Now that the presidential election is over, it’s back to business. It seems like quite a few investors sat on the sidelines until the election was over, but the excuses are over, and it’s time to return to trading. For one, you could consider this covered call trade on one stock that didn’t take the election off.
Ameriprise Financial (NYSE:AMP) provides customers with a wide range of financial products and services in the U.S. and internationally. AMP recently announced earnings — third-quarter net income dropped nearly in half after the company recalculated the worth of its insurance and annuities. On the plus side, Ameriprise increased its quarterly dividend (it now yields north of 3%) and said it would buy back up to $2 million worth of its shares.
Click to Enlarge Despite the fact its earnings were less than anticipated, Ameriprise stock reached its 52-week high earlier this week. Overall, AMP has been on a grinding uptrend since the beginning of June, making higher pivot highs with a couple of exceptions.
The next resistance level the stock will face is right around $65, which was a high the stock set in early 2011. Considering where the stock currently is trading, it has some room to move higher.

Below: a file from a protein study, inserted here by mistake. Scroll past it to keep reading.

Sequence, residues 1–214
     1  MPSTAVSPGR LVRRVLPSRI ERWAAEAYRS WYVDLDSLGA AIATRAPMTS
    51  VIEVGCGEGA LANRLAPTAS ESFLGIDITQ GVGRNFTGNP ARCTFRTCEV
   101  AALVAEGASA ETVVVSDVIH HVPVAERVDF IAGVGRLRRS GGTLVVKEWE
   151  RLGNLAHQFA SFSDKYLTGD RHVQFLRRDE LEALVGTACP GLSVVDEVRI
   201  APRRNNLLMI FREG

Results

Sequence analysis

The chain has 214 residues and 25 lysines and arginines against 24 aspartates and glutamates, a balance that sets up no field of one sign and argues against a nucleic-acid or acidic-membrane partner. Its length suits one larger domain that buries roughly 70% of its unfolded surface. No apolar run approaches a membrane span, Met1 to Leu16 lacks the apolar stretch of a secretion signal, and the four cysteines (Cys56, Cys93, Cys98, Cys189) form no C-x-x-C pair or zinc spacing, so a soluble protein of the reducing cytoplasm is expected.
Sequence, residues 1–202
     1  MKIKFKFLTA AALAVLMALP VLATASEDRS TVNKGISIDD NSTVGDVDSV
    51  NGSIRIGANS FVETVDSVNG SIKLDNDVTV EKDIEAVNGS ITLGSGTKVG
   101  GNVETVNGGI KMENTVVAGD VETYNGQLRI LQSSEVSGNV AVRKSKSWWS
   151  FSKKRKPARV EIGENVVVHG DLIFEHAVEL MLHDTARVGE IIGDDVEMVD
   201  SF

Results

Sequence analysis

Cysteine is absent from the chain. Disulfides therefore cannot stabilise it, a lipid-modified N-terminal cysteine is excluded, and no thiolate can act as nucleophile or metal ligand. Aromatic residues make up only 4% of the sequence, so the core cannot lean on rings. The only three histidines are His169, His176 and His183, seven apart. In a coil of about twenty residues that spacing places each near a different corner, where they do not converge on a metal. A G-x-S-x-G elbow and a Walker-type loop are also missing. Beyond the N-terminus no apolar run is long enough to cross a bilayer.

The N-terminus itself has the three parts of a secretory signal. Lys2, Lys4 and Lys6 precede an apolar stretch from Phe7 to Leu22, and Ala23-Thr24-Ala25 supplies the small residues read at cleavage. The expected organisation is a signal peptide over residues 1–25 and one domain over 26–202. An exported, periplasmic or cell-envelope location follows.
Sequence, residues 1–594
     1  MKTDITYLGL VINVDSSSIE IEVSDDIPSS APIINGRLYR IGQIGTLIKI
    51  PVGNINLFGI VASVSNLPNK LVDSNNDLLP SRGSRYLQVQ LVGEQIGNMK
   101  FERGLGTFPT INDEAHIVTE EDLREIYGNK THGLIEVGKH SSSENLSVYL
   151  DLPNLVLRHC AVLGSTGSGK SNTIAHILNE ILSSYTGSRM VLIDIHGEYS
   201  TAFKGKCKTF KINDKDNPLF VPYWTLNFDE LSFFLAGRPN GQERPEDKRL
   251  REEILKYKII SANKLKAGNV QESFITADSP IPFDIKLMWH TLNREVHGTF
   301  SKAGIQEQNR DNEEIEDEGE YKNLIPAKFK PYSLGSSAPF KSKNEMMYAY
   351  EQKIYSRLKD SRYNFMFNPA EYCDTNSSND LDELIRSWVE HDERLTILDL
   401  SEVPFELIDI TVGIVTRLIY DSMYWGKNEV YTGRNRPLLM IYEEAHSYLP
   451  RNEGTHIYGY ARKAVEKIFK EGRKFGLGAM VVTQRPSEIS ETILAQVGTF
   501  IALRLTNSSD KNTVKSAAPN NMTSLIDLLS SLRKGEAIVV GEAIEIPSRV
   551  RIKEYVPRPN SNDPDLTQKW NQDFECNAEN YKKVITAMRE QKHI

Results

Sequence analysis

(NYSE:AMP) — $58.60
Example: Buy 100 shares of AMP @ $58.60 and sell the December 60 call @ 1.30.
Cost of the stock: 100 X 58.60 = $5,860 debit.
Premium received: 100 X 1.30 = $130 credit.
Maximum profit: $270 — that’s $140 (60 – 58.60 X 100) from the stock and $130 from the
premium received if AMP finishes at or above $60 @ December expiration.
Breakeven: If AMP finishes at $57.30 (58.60 — 1.30) @ December expiration.
Maximum loss: $5,730, which occurs in the unlikely event that AMP goes to $0 @ December expiration.
The maximum profit potential for this covered call strategy is for the stock to just rise up to the sold call’s strike price ($60) by December expiration. The stock moves up the maximum amount without being called away because of the short strike, and profits are enjoyed on the shares and the option premium. The process can be duplicated for the next expiration if desired using either the same 60 strike if the outlook on Ameriprise is neutral, or a higher strike if the outlook continues to be bullish.
If AMP makes a move past its 52-week high and past the $60 strike well before December expiration — which is a possibility with more than 40 days left until expiration — the call option can be bought back and a higher strike can be sold against the position to avoid assignment. This will allow AMP to remain in the portfolio and also give the position a chance to increase its return, especially if the stock moves higher.
If the upward trend doesn’t continue and Ameriprise drops in price more than was anticipated, it might make sense to close out the entire trade (stock and short call) to avoid further losses.
As of this writing, John Kmiecik did not hold a position in any of the aforementioned securities.